Heres an interesting review. S.T. Karnicks main argument is that Wolfes attempt to show, by means of his exposition of evolutionary psychology and neuroscience, that we are inevitably products of our environment, that here is no "self," "soul," or "free will," is (thankfully) unsuccessful.
"There is," Karnick argues,
a much simpler explanation for all of this, and it is right there in the events of the book. What is really happening in the story is something that theists have always known: that we choose to think the things we think, and that what we think will largely determine what we do.
That is precisely what happens to Charlotte and to all the other characters in the book. After all, it is only when Charlotte finally changes her simple, down-home, Christian way of thinking about what a human being is, and what choice means, that she descends into the personal miasma that is the inevitable consequence of the bad choices she makes. These latter, in turn, are the direct result of the bad ideas she chooses to hold. If she had kept to her old assumptions, her behavior would have been completely different. Of that, there can no doubt whatever.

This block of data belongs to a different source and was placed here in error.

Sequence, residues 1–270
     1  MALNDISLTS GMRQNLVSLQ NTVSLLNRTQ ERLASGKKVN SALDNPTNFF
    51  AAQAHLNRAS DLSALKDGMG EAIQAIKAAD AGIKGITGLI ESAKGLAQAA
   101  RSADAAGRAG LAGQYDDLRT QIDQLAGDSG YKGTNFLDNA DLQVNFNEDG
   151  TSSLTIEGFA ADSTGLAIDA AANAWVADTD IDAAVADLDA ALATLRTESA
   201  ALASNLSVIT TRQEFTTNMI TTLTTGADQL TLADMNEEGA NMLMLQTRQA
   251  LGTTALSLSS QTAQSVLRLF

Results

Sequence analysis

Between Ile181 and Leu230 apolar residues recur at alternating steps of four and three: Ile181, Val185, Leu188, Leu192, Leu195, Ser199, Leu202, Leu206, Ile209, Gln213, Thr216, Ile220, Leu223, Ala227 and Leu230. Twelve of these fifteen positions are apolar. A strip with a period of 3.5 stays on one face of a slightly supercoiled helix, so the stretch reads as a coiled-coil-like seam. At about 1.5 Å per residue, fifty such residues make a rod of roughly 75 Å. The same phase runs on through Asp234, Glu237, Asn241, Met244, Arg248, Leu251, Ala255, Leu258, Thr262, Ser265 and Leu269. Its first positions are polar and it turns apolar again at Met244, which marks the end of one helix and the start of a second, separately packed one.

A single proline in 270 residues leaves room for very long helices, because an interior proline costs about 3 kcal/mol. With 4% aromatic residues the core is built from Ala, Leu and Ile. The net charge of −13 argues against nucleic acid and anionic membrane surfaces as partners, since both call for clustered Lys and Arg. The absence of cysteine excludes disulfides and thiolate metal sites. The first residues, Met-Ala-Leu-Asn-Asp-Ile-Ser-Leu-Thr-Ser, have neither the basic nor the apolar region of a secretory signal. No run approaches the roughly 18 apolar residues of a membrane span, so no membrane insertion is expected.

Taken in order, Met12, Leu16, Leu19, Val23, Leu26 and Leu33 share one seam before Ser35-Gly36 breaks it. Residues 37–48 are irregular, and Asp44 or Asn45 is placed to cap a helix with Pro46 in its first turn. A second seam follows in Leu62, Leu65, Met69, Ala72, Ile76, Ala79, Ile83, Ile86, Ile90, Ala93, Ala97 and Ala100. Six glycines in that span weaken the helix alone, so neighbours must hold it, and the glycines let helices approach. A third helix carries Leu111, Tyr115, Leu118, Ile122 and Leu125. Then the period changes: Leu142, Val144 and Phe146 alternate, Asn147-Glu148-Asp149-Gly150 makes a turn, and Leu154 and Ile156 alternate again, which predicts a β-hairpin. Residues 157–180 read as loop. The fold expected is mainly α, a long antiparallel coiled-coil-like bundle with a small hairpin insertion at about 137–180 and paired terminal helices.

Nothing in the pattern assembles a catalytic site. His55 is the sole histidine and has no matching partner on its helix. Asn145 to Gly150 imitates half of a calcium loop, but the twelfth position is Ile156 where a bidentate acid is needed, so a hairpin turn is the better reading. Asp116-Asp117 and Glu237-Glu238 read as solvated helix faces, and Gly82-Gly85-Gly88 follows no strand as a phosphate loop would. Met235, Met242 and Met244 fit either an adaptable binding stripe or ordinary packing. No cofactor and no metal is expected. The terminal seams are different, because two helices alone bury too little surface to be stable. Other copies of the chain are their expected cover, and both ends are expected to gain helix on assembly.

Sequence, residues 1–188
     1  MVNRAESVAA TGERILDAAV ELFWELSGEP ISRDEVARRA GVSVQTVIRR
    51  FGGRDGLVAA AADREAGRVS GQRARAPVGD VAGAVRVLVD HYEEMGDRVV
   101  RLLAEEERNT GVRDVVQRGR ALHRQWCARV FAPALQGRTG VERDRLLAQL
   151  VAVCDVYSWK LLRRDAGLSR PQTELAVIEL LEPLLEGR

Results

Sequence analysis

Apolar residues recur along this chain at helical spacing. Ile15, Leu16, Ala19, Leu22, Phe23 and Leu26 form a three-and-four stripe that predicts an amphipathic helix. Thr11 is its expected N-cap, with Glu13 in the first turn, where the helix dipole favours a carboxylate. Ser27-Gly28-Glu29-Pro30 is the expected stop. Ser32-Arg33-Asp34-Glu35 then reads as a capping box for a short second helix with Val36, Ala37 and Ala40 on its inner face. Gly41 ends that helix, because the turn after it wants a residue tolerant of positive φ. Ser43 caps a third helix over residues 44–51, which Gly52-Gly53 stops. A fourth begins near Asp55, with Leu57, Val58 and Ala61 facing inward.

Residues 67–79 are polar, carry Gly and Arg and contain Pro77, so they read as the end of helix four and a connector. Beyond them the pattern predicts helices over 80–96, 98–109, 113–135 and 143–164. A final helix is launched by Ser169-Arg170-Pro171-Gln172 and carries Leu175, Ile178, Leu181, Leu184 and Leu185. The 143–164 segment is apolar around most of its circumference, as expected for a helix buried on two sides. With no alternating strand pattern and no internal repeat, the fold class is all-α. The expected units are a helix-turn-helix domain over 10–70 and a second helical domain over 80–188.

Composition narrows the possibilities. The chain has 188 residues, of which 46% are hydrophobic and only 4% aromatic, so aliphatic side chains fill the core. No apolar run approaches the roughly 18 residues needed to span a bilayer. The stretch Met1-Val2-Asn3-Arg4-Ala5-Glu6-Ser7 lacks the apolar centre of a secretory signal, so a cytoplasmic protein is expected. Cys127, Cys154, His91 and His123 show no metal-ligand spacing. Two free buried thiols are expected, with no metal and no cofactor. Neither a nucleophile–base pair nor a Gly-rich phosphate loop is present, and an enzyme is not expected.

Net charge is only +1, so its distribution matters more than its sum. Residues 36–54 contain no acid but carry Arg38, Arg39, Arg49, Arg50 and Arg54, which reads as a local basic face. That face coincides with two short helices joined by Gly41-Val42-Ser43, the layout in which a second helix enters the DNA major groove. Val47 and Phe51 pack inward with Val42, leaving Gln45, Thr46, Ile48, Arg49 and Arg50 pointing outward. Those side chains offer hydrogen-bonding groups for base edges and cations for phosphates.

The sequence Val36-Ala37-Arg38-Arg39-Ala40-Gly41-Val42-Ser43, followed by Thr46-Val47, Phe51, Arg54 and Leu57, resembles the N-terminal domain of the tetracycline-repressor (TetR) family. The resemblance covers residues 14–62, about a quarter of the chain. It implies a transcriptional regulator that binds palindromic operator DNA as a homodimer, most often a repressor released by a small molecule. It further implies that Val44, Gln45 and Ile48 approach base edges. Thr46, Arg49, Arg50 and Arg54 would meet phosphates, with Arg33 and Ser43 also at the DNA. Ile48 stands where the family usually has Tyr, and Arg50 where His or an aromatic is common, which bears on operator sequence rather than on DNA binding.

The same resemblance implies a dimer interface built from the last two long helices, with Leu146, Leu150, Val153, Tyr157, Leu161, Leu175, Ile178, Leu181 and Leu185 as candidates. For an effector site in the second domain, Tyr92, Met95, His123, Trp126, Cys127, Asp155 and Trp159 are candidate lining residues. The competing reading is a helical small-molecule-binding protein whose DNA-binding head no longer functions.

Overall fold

Despite Wolfes extremely skillful and detailed efforts to show exactly how relentlessly events push Charlotte toward doing the things she does, he cannot conclusively establish that she could not have acted otherwise. Such a thing would be utterly impossible to prove, of course. One can only accept or reject it inductively. And that leaves freedom of choice as a possibility, and indeed the more likely explanation for her actions—the one that in fact best fits the facts of the story.
Read the whole thing. And appreciate the book, despite its flaws.
And, lest I forget, a colleague who almost couldnt finish the book found this Book TV program on Wolfe somewhat redeeming. My friend, a sociologist (but the good kind), reported that Wolfe claimed a heavy debt to Max Weber in his latest novel.